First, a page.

(c) 2013 Robert Scheer is the editor of Truthdig. A journalist with over 30 years experience, Scheer has built his reputation on the strength of his social and political writing. His columns have appeared in newspapers across the country, and his in-depth interviews have made headlines. He is the author, most recently, of "The Pornography of Power: How Defense Hawks Hijacked 9/11 and Weakened America," published by Twelve Books.

Protestors gather outside of the U.S. Supreme Court in support of Section 5 of the
Voting Rights Act of 1965, in Washington, Feb. 27, 2013. The
Supreme Court on Tuesday morning, June 25, 2013, announced a vote of 5 to 4 in the Shelby County,
Ala. v. Holder case, striking down part of the act.

Ku Klux Kourt Kills King's Dream Law, Replaces Voting Rights Act With Katherine Harris Acts
By Greg Palast

They might as well have burned a cross on Dr. King's grave. The Jim Crow majority on the Supreme Court just took away the vote of millions of Hispanic and African-American voters by wiping away Section 4 of the Voting Rights Act of 1965.

When I say "millions" of voters of color will lose their ballots, I'm not kidding. Let's add it up.

Last year, the GOP Secretary of State of Florida Ken Detzner tried to purge 180,000 Americans, mostly Hispanic Democrats, from the voter rolls. He was attempting to break Katherine Harris' record.

Detzner claimed that all these brown folk were illegal "aliens."

But Section 4 of the Voting Rights Act requires that 16 states with a bad history of blocking black and brown voters must "pre-clear" with the US Justice Department any messing around with voter rolls or voting rules. And so Section 4 stopped Detzner from the racist brown-out.

I'll admit there were illegal aliens on Florida voter rolls - two of them. Let me repeat that: TWO aliens - one a US Marine serving in Iraq (not yet a citizen); the other an Austrian who registered as a Republican.

We can go from state to state in Dixie and see variations of the Florida purge game.

Yet the 5-to-4 Supreme Court majority ruled, against all evidence, that, "Blatantly discriminatory evasions [of minority voting rights] are rare." As there's no more racially bent voting games played in states including Florida, Georgia, Arizona and Alaska (yes, pre-clearance goes WAY north of the Confederacy), then, the justices said, there's no more reason for pre-clearance.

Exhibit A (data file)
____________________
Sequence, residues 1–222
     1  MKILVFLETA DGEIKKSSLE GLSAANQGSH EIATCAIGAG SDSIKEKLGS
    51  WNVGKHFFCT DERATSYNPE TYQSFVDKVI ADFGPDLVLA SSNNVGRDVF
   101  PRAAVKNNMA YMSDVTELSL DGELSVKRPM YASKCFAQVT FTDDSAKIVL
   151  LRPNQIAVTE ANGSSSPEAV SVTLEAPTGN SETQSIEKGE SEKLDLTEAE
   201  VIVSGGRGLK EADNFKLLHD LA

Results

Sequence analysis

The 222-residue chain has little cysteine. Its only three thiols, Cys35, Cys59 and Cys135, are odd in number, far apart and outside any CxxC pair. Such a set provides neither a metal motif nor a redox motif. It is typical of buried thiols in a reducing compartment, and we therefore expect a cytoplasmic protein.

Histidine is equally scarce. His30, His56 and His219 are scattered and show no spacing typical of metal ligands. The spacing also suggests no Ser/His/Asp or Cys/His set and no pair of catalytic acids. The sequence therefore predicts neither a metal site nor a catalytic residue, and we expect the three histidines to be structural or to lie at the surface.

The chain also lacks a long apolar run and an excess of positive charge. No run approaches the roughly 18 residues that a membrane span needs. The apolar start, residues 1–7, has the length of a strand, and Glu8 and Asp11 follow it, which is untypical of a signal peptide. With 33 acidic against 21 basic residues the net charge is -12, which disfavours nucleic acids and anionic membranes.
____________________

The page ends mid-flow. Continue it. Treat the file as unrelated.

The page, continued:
Whom do they think they're fooling? The court itself, just last week, ruled that Arizona's law requiring the showing of citizenship papers was an unconstitutional attack on Hispanic voters. Well, Arizona's a Section 4 state.

You'll love this line from the Ku Klux Kourt majority. They wrote that the "coverage" of Section 4 applies to states where racially bent voting systems are now "eradicated practices."

"Eradicated?" I assume they didn't see the lines of black folk in Florida last November. That was the result of the deliberate reduction in the number of polling places and early voting hours in minority areas. Indeed, if the Justice Department, wielding Section 4, didn't block Florida from half its ballot-box trickery, Obama would have lost that state's electoral votes.

And that's really what's going on here: the problem is not that the court majority is racist. They're worse: they're Republicans.>{? We've had Republicans, like the great Earl Warren, who put on the robes and take off their party buttons.

But this crew, beginning with Bush v. Gore, is viciously partisan. They note that "minority candidates hold office at unprecedented levels." And the Republican Supremes mean to put an end to that. See "Obama" and "Florida" above. And when they say "minority," they mean "Democrat."

Because that's the difference between 1965 and today. When the law was first enacted - based on the personal pleas of Martin Luther King - African-Americans were blocked by politicians who did not like the color of their skin.

But today, it's the color of minority voters' ballots - overwhelmingly Democratic blue - which is the issue.

In California - one of the "Old South" states that is singled out for pre-clearance - an astonishing 40 percent of voter registration forms were rejected by the Republican Secretary of State on cockamamie clerical grounds. When civil rights attorney Robert F. Kennedy and I investigated, we learned that the reject pile was overwhelmingly Chicano and Asian - and overwhelmingly Democratic.

How? Jim Crow ain't gone; he's moved into cyberspace. The new trick is lynching by laptop: removing voters, as was done in Florida and Arizona (and a dozen other states) by using poisoned databases to pick out "illegal" and "felon" and "inactive" voters - who all happen to be of the Hispanic or African-American persuasion. The GOP, for all the tears of its consultants, knows it can't rock these votes, so they block these votes.

Despite the racial stench of today's viciously antidemocratic ruling, the GOP majority knew they were handicapping the next presidential run by a good 6 million votes. (That's the calculation that RFK and I came up with for racially bent vote loss in 2004 - and the GOP will pick up at least that in the next run.)

And the court knew full well that their ruling today was the same as stuffing several hundred thousand GOP red votes into the ballot boxes for the 2014 Congressional races.

The races have not yet started, but the "Katherine count" has already begun.
(c) 2013 Greg Palast is author of the New York Times bestseller, Billionaires & Ballot Bandits: How to Steal an Election in 9 Easy Steps, The Best Democracy Money Can Buy, Armed Madhouse and the highly acclaimed Vultures' Picnic, named Book of the Year 2012 on BBC Newsnight Review.

War On The Unemployed
By Paul Krugman

Is life too easy for the unemployed? You may not think so, and I certainly don't think so. But that, remarkably, is what many and perhaps most Republicans believe. And they're acting on that belief: there's a nationwide movement under way to punish the unemployed, based on the proposition that we can cure unemployment by making the jobless even more miserable.